Braving bitter cold and attempts at intimidation, protests unfold across Russia.

From the frozen streets of Russia’s Far East and Siberia to the grand plazas of Moscow and St. Petersburg, tens of thousands of Russians rallied in support of the jailed opposition leader Aleksei A. Navalny on Saturday in the biggest nationwide showdown in years between the Russian authorities and critics of the Kremlin.

The protests largely drew young Russians and did not immediately pose a dire threat to President Vladimir V. Putin’s grip on power. But their broad scope signaled widespread fatigue with the stagnant, corruption-plagued political order that Mr. Putin has presided over for two decades.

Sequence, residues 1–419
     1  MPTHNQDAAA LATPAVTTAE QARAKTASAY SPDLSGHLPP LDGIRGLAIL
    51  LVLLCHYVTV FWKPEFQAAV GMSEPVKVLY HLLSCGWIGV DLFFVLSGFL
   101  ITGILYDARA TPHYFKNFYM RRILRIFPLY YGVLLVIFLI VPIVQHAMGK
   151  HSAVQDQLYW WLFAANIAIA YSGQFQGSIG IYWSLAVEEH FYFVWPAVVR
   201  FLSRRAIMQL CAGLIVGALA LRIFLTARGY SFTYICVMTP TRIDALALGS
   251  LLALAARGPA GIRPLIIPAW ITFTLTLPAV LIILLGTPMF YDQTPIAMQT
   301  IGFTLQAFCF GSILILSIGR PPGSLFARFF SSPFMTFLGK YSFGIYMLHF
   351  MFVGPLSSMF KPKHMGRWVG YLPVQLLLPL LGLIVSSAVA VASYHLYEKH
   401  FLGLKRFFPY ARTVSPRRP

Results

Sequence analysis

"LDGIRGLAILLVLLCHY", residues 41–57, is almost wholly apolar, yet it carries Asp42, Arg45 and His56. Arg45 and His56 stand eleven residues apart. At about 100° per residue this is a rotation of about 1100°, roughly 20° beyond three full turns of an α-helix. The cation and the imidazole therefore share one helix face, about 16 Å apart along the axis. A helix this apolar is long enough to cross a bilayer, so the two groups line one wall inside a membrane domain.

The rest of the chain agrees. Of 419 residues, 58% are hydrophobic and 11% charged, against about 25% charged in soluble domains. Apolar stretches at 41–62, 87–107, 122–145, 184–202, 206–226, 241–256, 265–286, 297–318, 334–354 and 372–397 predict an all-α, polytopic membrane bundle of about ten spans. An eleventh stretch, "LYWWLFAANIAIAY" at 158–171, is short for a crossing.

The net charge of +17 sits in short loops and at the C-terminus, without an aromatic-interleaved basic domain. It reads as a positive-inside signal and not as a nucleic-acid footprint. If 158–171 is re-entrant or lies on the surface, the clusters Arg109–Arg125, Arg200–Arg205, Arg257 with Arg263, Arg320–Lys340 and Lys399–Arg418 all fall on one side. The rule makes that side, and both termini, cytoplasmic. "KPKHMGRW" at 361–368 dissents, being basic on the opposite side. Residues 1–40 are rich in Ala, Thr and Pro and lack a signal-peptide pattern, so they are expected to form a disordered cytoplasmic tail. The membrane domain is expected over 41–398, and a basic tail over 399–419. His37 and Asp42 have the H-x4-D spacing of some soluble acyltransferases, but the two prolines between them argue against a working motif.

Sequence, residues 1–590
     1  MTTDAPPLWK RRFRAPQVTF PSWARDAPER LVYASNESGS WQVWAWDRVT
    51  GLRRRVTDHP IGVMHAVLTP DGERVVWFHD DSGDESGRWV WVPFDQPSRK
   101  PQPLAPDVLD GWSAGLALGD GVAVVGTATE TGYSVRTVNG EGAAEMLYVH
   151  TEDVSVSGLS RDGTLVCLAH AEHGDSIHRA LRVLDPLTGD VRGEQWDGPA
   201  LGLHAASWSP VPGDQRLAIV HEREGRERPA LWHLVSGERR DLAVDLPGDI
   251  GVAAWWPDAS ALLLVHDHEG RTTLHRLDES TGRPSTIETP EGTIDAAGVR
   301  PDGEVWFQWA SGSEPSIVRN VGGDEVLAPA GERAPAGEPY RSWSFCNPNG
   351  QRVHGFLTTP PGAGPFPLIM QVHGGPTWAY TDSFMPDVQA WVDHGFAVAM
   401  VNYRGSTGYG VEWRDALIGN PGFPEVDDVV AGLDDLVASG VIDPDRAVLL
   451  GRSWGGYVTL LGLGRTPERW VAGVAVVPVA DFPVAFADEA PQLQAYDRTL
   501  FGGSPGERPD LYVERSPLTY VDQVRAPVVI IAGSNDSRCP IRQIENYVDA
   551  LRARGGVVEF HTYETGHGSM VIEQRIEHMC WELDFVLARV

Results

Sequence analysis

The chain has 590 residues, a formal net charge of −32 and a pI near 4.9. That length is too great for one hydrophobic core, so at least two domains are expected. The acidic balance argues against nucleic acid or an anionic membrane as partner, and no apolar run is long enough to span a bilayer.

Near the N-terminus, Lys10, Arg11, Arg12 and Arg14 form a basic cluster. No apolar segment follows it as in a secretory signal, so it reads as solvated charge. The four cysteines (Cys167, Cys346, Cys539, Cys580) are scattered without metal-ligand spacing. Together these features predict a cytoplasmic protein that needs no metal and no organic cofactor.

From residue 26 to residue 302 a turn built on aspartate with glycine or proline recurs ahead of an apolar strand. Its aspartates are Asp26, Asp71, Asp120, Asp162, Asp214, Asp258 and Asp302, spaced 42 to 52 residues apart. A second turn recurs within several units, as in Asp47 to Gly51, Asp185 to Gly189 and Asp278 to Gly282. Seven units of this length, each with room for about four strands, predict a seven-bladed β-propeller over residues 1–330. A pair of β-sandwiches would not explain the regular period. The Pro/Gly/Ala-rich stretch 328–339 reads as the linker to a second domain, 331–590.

On the island of Sakhalin, just north of Japan, hundreds gathered in front of the regional government building and chanted, “Putin is a thief!” More than 12 hours later, as tens of thousands of protesters dispersed in central Moscow, some of them pelted the police with snowballs and kicked at a car belonging to the domestic intelligence agency.

posted a photo of herself in a police wagon on Instagram.

Vasily Zimin, a 47-year-old partner in a Moscow law firm who trudged through the slush Saturday, said he was protesting rampant corruption during Mr. Putin’s time in power. Taking to the streets, he said, was the only way to effect change.


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